From time to time I write for Organic Gardening magazine. The great thing about them is that they are so diligent about fact-checking. There is no possibility that an error or even a rumor about, say, the benefits of cow manure, or the best way to stake your tomatoes, will slip by them. When I send an article to them, I have to footnote every fact in the story and attach a photocopy of my source—a reputable book, article, or interview transcript. I write for a lot of gardening magazines and newspapers, and this is the only publication I’ve ever written for that does this.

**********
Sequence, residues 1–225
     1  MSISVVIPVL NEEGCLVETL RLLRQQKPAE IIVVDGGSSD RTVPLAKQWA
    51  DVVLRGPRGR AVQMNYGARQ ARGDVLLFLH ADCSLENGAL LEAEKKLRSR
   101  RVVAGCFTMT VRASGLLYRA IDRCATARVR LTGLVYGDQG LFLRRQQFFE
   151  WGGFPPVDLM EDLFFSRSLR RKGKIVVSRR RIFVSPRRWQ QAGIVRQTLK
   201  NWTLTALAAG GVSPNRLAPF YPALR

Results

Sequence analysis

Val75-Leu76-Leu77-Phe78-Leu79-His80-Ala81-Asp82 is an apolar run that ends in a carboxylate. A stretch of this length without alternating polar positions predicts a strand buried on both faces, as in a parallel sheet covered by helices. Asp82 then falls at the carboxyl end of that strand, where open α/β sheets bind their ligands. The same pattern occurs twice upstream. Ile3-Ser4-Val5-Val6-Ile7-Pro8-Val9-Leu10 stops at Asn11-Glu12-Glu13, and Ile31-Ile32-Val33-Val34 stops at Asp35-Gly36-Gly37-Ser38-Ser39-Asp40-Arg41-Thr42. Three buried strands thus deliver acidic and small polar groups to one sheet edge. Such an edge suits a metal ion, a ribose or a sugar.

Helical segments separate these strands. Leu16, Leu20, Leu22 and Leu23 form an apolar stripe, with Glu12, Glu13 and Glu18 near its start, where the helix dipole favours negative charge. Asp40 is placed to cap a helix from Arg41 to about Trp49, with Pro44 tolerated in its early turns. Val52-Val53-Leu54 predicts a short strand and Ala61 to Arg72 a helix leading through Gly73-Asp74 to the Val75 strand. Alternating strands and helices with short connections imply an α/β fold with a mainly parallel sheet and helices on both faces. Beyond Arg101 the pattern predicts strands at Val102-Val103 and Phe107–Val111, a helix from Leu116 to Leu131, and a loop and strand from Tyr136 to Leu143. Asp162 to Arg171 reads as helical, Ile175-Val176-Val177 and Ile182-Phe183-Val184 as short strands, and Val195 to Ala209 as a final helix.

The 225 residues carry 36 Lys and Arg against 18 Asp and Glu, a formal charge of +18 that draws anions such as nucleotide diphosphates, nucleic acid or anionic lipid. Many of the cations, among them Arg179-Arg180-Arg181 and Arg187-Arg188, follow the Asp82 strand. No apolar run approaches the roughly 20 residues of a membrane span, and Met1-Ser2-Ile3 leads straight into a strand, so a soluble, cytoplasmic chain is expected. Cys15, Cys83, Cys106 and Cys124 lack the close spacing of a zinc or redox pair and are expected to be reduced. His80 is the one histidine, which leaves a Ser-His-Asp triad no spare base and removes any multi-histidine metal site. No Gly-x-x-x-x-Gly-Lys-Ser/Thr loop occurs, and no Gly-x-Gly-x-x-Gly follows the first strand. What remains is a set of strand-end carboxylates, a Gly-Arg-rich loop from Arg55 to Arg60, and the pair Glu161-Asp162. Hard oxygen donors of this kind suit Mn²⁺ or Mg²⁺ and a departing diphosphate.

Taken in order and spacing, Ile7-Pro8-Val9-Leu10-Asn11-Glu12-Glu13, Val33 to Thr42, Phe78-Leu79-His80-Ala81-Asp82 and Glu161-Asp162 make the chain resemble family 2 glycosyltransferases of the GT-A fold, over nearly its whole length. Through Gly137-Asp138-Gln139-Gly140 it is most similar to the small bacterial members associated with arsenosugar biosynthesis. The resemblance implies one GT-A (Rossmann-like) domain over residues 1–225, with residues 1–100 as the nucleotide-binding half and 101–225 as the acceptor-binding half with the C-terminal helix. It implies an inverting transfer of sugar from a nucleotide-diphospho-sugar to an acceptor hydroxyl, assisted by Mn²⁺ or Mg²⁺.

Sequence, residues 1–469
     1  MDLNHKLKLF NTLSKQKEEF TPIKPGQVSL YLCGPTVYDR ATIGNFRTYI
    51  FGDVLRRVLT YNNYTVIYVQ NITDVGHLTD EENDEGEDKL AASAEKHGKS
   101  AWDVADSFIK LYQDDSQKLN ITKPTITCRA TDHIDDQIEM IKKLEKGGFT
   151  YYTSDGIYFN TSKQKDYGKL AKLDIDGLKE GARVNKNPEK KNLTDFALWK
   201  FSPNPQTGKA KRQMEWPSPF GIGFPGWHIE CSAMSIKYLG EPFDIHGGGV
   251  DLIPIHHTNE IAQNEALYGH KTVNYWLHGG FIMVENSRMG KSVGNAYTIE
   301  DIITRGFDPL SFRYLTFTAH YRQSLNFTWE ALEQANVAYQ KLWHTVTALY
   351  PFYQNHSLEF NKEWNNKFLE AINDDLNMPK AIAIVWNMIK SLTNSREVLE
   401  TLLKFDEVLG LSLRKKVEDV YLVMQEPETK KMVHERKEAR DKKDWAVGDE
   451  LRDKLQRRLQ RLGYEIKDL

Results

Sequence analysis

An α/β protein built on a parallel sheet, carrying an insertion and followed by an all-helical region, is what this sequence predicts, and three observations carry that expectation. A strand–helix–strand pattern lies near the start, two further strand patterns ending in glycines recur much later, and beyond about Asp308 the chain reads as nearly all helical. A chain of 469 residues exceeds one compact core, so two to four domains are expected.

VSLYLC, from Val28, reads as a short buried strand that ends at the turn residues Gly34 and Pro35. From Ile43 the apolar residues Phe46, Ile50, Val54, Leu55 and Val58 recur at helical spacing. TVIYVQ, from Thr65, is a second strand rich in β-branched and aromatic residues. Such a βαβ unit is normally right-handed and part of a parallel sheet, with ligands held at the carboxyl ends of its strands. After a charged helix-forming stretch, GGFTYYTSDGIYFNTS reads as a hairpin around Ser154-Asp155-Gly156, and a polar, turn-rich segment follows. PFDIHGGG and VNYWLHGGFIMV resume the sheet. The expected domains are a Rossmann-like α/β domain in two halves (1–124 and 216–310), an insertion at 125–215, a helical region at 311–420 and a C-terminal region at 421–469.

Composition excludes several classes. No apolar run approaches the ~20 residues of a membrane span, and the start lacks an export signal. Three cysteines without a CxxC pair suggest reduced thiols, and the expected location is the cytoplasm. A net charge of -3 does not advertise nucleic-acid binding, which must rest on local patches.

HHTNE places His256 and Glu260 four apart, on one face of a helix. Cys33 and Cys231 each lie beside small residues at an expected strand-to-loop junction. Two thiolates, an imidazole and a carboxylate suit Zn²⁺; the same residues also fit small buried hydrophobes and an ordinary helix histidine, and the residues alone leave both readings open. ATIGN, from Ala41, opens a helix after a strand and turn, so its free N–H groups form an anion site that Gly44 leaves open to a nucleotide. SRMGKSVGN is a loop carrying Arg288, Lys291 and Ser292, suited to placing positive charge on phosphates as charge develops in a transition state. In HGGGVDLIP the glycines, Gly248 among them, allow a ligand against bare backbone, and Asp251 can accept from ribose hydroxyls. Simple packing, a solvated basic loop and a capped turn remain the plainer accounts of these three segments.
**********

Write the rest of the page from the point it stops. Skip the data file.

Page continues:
So a couple months ago I sent them a story about earthworms, and included a stack of academic sources to back up my assertions. But apparently I wasn’t careful enough—a statement I made about the yellow bellies of red wigglers caught the attention of the fact-checker. She wrote to me and said, “I didn't see this in the backup or anywhere else. Is it from personal experience? Can you send backup?”
Hee hee. Yes, I suppose you could say I know this from personal experience. Eisenia fetida, the red wiggler, has a yellowish belly. It just does. I have ten thousand or more of them in the composter outside the kitchen door, so I know a thing or two about their bellies. I ran downstairs with the camera, snapped a picture of an upturned E. fetida, and e-mailed it to OG as proof.
Here it is, then. Submitted for your consideration: the yellow belly of the red wiggler.